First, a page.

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‘I am still in shock’: Teen survivor of Denmark mall shooting tells of her trauma



It was supposed to be a magical night and a farewell to living with coronavirus restrictions. But Sunday evening in Copenhagen became a true nightmare for Nuveen Kamal, 15, and her friend.

They were going to attend a concert by British pop star Harry Styles at the Royal Arena in the Danish capital, along with thousands of others. Many, just like Nuveen, had travelled a long way for the eagerly awaited event, and decided to get something to eat before the former One Direction star took to the stage.

They chose to visit the nearby shopping centre, Field’s – Denmark’s second-largest shopping mall – a few miles south of central Copenhagen.

As they stepped out of a shop, Nuveen and her friend heard screams coming from several directions. “At first, I thought it was Harry Styles who was in here. Then I turned around and I saw a man with a long rifle in his hand. And then we just ran,” says Nuveen.

Suddenly, a day that was meant to be memorable for joyous reasons had turned into one that was a matter of life and death. The mall was being attacked by a 22-year-old Danish man. In a deadly rampage, the man, whose name has still not been released, was to kill three people: two 17-year-olds and a 47-year-old man. Seven others suffered gunshot wounds, and four of them were seriously injured, including a 16-year-old girl. Another 20 people received various injuries while fleeing the scene.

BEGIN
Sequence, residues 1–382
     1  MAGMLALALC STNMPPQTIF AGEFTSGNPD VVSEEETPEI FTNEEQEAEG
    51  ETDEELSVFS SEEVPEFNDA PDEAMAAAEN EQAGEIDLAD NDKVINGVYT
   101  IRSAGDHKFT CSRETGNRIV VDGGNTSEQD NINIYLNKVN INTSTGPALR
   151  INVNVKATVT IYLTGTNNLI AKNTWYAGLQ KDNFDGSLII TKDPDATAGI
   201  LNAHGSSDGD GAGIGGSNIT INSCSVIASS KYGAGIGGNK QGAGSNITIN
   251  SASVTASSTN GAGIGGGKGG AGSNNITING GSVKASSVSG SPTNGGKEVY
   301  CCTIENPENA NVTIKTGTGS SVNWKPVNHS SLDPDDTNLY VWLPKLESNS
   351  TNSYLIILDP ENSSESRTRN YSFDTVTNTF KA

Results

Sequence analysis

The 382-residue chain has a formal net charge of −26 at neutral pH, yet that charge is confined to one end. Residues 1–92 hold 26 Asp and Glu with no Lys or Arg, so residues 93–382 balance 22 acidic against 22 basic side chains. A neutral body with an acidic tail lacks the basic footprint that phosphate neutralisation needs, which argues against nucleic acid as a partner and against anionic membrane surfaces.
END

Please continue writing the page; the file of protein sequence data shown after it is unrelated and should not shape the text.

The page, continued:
The incident has shocked Denmark, which has largely escaped such incidents until now. The last major shooting incident was in 2015.

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Sunday’s Harry Styles concert was the end of a festive week for Denmark. The country was hosting the first three stages of the Tour de France race, with hundreds of thousands of cheering Danes taking to the streets.

Danish gun laws are strict, and all firearms, with the exception of some hunting rifles, require a licence issued by the police. The gunman did not have such a licence.

Police have ruled that the incident was not an act of terror, and the gunman was ordered on Monday to be held in a closed psychiatric ward. Officers said the victims had been randomly targeted.

Nuveen is all too aware that she could have been among those killed or injured. She describes how she and her friend frantically ran away from the noise of gunshots.

“We ran down some stairs in the back of a store, while we could hear shots, and then we reached a glass door, which is locked. We panic. We cannot run back again. It was a scary moment,” says Nuveen.

Copenhagen police received the first report of the shooting at 17.35 on Sunday evening.

People seek aid in front of Field’s shopping centre on Sunday

(EPA)

Nuveen tells The Independent she does not remember much after her friend managed to break the locked door open and they were able to escape from the shopping centre and into a large crowd of people anxiously waiting outside.

“I slept next to my mum last night. And I had a hard time falling asleep,” she says. “I’m still very much in shock and I do not know how to deal with all of this. I am very confused right now.”



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